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  35. 9th June Keynote: Katherine Richardson
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  56. Polar expedition to the FRAM Museum
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  61. A road movie on ice
  62. Data on ice loss in the Arctic Ocean can be misleading
  63. On the making of polar documentaries
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  65. Morning plenary: Vladimir Kattsov
  66. International Polar Year officially closed
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International Polar Year officially closed

IPY flag (Ingressbilde)

The International Polar Year 2007-2008 (IPY), the largest polar research and education venture ever undertaken, formally came to an end at a ceremony in Oslo on Saturday 12 June – the final day of the IPY Oslo Science Conference.

The IPY sponsors, the International Council for Science (ICSU) and the World Meteorological Organization (WMO), thanked the many thousands of participants who have made IPY a spectacular international success, before passing the baton on to those who will secure the legacy of this important initiative. They include the Scientific Committee on Antarctic Research (SCAR), the International Arctic Science Committee (IASC) and the WMO Executive Council Panel of Experts on Polar Observations, Research and Services.

As a part of the official closing ceremony, Professor Jeronimo Lopez-Martinez presented asummary of this IPY from the perspective of the ICSU-WMO Joint Committee for the IPY, the body responsible for overall scientific planning, coordination, guidance and oversight of IPY 2007-2008, of which he is co-Chair.

Dr. Jeronimo Lopez-Martinez.Photo: John Petter Reinertsen/Samfoto
Dr. Jeronimo Lopez-Martinez.
"The overall scope of IPY is hard to overestimate and its total "footprint" may not be fully known for many years," he explained. "However, only one year after the conclusion of IPY field activities there are clear early indicators of the success of the programme." 

Professor Lopez-Martinez mentioned a number of examples, including a surge in multidisciplinary polar scientific activities (as illustrated by the more than 2000 papers and posters presented at the Oslo Science Conference, spanning many themes and disciplines); extensive new circumpolar data baselines and improved observing systems; enhanced international collaboration and stronger links between the Arctic and Antarctic science communities; an enthusiastic new generation of polar scientists; the active engagement of Arctic residents in IPY activities; and the unprecedented involvement of educators and increase public awareness about polar regions.

Summary report in September 2010
Professor Lopez-Martinez also took the opportunity, on behalf of the IPY Joint Committee, to express deep appreciation to the many national and international organisations that have been involved in IPY, and especially to the many thousands of participants who have worked so hard to make it a major success and an enduring example of international collaboration.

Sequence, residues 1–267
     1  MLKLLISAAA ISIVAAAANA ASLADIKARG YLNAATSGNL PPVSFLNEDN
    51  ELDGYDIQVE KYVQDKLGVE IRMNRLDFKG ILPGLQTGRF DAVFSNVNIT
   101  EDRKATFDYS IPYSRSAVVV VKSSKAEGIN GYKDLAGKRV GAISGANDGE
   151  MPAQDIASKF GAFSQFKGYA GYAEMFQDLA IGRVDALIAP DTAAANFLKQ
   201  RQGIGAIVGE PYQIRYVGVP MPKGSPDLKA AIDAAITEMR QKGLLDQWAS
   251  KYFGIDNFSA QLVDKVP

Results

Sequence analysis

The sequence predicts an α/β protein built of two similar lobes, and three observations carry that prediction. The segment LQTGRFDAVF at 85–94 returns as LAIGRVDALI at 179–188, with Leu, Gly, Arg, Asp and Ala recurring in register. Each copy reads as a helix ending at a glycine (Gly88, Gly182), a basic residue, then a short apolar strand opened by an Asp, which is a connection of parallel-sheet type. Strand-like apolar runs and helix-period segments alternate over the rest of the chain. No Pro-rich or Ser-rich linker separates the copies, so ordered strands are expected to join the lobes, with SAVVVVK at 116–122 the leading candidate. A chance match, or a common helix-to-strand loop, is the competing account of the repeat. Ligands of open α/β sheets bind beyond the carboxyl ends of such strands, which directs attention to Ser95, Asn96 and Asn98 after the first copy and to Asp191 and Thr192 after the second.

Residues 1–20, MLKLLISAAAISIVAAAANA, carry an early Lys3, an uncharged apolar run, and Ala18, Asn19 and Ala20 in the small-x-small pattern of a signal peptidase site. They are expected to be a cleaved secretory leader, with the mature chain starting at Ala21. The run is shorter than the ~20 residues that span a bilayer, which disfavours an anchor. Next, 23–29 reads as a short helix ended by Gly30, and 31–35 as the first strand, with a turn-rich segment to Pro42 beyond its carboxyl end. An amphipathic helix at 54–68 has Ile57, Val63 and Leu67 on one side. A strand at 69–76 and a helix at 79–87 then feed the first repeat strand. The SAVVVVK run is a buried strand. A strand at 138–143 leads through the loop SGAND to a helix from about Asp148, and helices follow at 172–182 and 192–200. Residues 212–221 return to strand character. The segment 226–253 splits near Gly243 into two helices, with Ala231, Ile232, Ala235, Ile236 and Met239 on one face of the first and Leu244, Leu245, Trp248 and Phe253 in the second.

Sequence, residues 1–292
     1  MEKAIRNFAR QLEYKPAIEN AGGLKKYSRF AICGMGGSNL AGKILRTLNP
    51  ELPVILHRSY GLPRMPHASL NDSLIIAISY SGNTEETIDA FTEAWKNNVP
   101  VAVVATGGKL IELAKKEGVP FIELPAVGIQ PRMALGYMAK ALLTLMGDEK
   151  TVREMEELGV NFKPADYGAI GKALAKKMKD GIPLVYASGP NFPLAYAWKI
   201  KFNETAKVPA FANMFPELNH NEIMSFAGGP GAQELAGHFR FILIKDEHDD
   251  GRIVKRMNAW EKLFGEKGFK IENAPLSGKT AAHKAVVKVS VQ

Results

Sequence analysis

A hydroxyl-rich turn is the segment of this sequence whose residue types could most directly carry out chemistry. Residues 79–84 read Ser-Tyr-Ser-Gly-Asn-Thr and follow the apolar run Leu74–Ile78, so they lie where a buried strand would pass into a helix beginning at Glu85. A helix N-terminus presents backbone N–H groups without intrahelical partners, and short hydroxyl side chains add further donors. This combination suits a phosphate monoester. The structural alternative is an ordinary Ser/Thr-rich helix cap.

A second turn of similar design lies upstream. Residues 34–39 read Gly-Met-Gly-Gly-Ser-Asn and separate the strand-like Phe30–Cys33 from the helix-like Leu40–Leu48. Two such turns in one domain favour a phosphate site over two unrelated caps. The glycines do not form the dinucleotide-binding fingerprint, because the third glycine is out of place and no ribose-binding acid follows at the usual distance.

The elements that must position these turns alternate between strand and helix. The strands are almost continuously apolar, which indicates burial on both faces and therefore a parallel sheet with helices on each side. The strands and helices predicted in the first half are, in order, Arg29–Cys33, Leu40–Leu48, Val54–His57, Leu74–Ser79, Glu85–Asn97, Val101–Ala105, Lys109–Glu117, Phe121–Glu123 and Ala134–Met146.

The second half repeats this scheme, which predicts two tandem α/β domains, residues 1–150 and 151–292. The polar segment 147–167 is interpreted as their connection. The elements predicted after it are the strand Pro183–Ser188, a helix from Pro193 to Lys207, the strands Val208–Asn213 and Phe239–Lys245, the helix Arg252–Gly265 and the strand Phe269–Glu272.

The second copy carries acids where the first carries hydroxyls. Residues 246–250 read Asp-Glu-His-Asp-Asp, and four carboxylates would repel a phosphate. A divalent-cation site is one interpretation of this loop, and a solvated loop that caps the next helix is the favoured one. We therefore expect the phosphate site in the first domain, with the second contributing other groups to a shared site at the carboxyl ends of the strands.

The IPY success story will be captured in a summary report that is now being prepared. The title will be Understanding Earth's Polar Challenges: International Polar Year 2007-2008, and it will be published in September 2010. 

Professor Jeronimo Lopez-Martinez said that the report, "tells the story from the unique perspective of the Joint Committee, with the help of more than 100 contributors; from the earliest planning almost a decade ago to the current challenge of ensuring a robust IPY legacy. It involves tens of thousands of participants, and highlights the global influence of the polar regions." The report will be freely available on the web and in hard copy on request. It will cover the planning and implementation of IPY over a 10-year period and present some preliminary results. The list of authors and reviewers of the report includes over 250 people.

Dr. Elena Manaenkova.Photo: John Petter Reinertsen/Samfoto
Dr. Elena Manaenkova.
Sound understanding of the polar regions
"IPY was founded on the ideas and energy of thousands of scientists, educators, technicians and many more," said Dr Elena Manaenkova, Assistant Secretary General of WMO. "As co-sponsors of IPY, we would like to express our most sincere thanks to all the participants and the organisers who have made this venture one of the biggest internationally coordinated research programmes ever undertaken."

Deliang Chen, Executive Director of ICSU, added, "IPY has paved the way for a sound understanding of the polar regions at a critical time for society's relationship with Earth. The collaboration among many nations and among many scientific disciplines has been critical to the success of IPY, and it is crucial that the energy and partnerships that converged in IPY are sustained in the long-term."

Handing over the flag
The ceremony was opened by Gerlis Fugmann, President of the Association of Polar Early Career Scientists (APECS) - a group that originated and flourished during IPY and will continue to provide  momentum for polar research, education and outreach in the years to come. Ms Fugmann also took part in the formal closing at the end of the ceremony today.

"I have the honour to officially close the fourth IPY," announced Dr Manaenkova, before Professor Lopez-Martinez, on behalf of the Joint Committee, handed over the the IPY flag to Ms Fugmann,  as a symbol that the next generation of researchers must take responsibility for continuing the momentum of IPY and polar research.

Dr. Jeronimo Lopez-Martinez is passing on the IPY flag to Gerlis Fugmann while Deliang Chen and Elena Manaenkova are applauding.Photo: John Petter Reinertsen/Samfoto
Dr. Jeronimo Lopez-Martinez is passing on the IPY flag to Gerlis Fugmann while Deliang Chen and Elena Manaenkova are applauding.

Last updated: 12.06.2010